Solitary creatures and festive seasons

Moles are solitary creatures.

In a winter climate, those of us who are fortunate enough to have burrows, can hunker down, light a fire, pour ourselves a tumbler of mulled wine, eat a mince-pie or two, wind up the gramophone, listen to crackling voices singing Stille Nacht, and settle into a favourite armchair with a good book, perhaps even a jigsaw puzzle.

Here where it is mid summer it is harder, somehow, to hunker. Long, hot days bleach out the festive lights of Christmas and diffuse the attraction of a hearth. In the past I have closed my eyes tight shut and wished the season away, but the Advent hysteria of the town has penetrated the walls of my burrow. It has even penetrated my pelt, so that no buffering by way of creature comforts has been quite able to dispel my sense of being out of sorts.

And, if truth be told, even if I were able to exclude the outside world, memories would still niggle at my moleheart. A mince pie paused between paw and snout might recall sitting at the dining room table with my late mother, crumbling bread for the chicken stuffing. A strain of Stille Nacht might recall my late father weeping at the sound of Once in Royal David’s City, or the rustling noises behind closed doors as he forced nuts and mandarins and ocarinas into his poor deformed socks.

In the grieving years after the deaths of my parents, when solitude slid into loneliness, kind friends gathered me into the bosom of their families for Christmas. Last year I evaded Christmas altogether by planning a long journey immediately afterwards. I spent the day in my bedroom, packing winter clothes into my suitcase.

This year, I avoided the season for as long as possible, but even when the day approached, I felt less out of sorts. I thought of solitary ways of being a more social animal on Christmas Day: writing letters, or making presents, or choosing a poem or two for friends, counting my blessings. There might also be social occupations to suit a solitary mole; singing perhaps, or going for a stroll and wishing those you meet a cheery season.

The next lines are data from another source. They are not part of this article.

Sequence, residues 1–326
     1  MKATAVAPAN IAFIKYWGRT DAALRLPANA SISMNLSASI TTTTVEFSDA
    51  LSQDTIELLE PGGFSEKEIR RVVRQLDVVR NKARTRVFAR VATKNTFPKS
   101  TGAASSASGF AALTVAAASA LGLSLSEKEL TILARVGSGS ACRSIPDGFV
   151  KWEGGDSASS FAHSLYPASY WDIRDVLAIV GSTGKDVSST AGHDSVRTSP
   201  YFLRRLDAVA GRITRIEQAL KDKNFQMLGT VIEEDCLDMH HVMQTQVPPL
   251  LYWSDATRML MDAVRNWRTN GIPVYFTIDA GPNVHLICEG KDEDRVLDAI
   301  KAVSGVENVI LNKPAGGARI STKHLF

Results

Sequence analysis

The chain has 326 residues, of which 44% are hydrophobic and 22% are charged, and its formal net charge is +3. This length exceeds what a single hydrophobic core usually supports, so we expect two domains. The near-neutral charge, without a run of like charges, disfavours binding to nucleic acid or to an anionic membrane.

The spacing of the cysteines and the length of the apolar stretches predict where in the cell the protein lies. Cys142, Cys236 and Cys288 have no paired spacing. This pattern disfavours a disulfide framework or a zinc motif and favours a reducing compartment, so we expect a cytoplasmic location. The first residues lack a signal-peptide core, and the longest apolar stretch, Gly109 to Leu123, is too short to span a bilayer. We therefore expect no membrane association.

As it happened, there was not a moment of solitude this year. I rang bells at the Cathedral, then padded around my neighbourhood, bestowing gifts on small children, slow-lunching with good friends – barely finishing my Christmas pudding before embarking on salmon with my neighbour who came to my burrow for an early, gentle evening meal.

Christmas fell on the day that is usually set aside for composing the murmurs, but it has taken this mole several days and lots of naps to recalibrate itself. Maybe next year I will avoid avoidance, plan gently, and open my moleheart to the kindnesses of Christmas.

And make a little time for solitude as well.

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